New 14.7M Atherton centre gets the go-ahead

20 April 2012 in Health and Sport and leisure
Newham councillors have agreed to build a new, modern leisure centre on the site of the current Atherton Centre in Stratford.
Up to £14.7m has been identified in the council’s budget to spend on the new centre in Romford Road, which would include swimming facilities, a gym and space for fitness classes which residents and users said were priorities.

The plans were agreed by the council on Thursday (April 19) and work should be able to begin on the site in July next year with the new centre opening in January 2015. It also means that the gym and free weights area at the Atherton Centre would stay open until the end of 2012 at a cost of £190,000.

A key factor in the decision to create new facilities was an inspection assessment that revealed significant levels of asbestos-containing materials throughout the building.

A report to the council’s Cabinet suggested that repairing and maintaining the centre offered “poor value”. The same report also revealed that English Heritage has decided not to add the Atherton Centre to their list of buildings of historic interest because “it does not have the architectural quality or level of survival to meet the criteria for listing”.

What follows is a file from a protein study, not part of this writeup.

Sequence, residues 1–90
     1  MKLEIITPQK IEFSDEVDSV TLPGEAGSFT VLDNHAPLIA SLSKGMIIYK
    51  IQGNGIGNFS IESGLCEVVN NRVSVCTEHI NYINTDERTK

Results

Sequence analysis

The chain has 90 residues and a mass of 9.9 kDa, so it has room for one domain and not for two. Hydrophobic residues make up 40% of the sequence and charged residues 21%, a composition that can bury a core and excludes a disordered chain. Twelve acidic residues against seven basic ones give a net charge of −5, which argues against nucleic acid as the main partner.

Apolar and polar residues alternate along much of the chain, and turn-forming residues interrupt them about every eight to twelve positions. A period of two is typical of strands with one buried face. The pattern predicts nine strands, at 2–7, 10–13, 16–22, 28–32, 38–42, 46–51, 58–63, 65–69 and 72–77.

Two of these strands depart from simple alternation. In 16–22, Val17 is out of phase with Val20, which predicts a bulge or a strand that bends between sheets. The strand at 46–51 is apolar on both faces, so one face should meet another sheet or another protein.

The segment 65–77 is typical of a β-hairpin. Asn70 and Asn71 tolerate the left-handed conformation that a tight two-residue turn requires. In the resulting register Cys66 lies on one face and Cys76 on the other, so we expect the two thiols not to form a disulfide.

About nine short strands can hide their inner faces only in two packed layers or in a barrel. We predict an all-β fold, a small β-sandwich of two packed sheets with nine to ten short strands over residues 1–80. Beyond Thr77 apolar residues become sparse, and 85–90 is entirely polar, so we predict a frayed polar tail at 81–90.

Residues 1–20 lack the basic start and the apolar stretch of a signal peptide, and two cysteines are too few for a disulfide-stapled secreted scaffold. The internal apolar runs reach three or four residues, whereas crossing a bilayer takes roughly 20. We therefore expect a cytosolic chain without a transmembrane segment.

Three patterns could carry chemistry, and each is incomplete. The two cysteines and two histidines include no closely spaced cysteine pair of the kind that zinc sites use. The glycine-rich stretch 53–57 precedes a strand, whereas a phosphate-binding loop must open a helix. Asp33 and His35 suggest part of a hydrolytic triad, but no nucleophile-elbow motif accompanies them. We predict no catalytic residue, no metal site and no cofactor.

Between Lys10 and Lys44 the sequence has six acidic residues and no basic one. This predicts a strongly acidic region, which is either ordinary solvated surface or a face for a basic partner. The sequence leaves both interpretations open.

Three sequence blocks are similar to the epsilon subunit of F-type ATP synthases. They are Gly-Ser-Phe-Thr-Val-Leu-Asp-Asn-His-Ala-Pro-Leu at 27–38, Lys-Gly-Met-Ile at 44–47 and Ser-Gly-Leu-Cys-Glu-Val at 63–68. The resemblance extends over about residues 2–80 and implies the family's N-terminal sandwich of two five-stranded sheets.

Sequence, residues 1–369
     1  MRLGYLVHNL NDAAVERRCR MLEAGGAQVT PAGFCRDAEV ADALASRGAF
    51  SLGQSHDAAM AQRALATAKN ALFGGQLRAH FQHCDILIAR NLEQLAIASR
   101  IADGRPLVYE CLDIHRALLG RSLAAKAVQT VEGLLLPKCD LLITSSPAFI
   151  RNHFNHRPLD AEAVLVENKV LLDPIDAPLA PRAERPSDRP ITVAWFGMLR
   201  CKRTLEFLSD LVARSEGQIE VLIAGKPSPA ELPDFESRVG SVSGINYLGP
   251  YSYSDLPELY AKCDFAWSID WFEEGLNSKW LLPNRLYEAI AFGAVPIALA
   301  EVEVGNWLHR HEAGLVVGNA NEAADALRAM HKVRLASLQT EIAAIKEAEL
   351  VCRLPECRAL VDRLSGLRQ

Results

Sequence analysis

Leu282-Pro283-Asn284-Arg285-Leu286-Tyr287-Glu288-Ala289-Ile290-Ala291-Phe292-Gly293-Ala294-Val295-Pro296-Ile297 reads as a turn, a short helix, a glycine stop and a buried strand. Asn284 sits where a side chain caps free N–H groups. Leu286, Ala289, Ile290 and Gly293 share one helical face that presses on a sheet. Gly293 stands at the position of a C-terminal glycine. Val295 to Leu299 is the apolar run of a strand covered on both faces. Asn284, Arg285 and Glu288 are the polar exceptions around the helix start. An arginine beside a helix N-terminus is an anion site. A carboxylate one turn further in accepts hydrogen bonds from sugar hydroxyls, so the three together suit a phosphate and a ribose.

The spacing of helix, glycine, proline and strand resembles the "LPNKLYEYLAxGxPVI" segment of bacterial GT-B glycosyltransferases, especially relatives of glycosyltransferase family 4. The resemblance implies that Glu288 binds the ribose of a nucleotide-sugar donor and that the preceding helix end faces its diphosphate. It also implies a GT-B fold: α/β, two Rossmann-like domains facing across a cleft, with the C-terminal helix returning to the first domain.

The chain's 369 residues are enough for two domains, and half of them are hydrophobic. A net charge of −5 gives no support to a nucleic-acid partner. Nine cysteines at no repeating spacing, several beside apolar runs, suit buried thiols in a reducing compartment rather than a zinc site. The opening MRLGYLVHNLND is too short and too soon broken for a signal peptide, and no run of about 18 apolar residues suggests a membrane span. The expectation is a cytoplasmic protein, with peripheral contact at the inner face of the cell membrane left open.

The report asked Newham Mayor Sir Robin Wales and councillors to agree to build a new centre on the same site that will “provide a modern, fit for purpose leisure facility that will better meet the needs of Newham residents”.

The report revealed the results of a 12-week consultation with Atherton users and local residents, which suggested both “would welcome improved facilities at Atherton”. Amongst the least important factors for both was keeping the existing building.

It added: “Having considered the results of the consultation alongside other considerations including value for money, it is considered that a new centre option is preferable for a wide range of reasons.

“It will meet the core requirements of residents for a gym, fitness classes and swimming facilities. It would be the greatest value for money over the life of the centre and represents an opportunity to create an environmentally-friendly building that is fully accessible to disabled people.”

A number of useful suggestions from residents and users about disabled facilities, play and crèche facilities, relaxation areas and changing facilities have been incorporated into the proposed development brief, which could also include an element of housing.

Newham Mayor, Sir Robin Wales, said: “We have been investing money into this building for 30 years and it is still not a good building. Our residents deserve better.

“It’s not a building we can take any pride in and it is certainly not practical in terms of inclusivity. What we offer young people has to be a part of this.

“The council got here because we were going to have to put substantial public funds in by removing asbestos and fixing the pool. Money is important to us and, ultimately, we cannot justify continuing these costs.”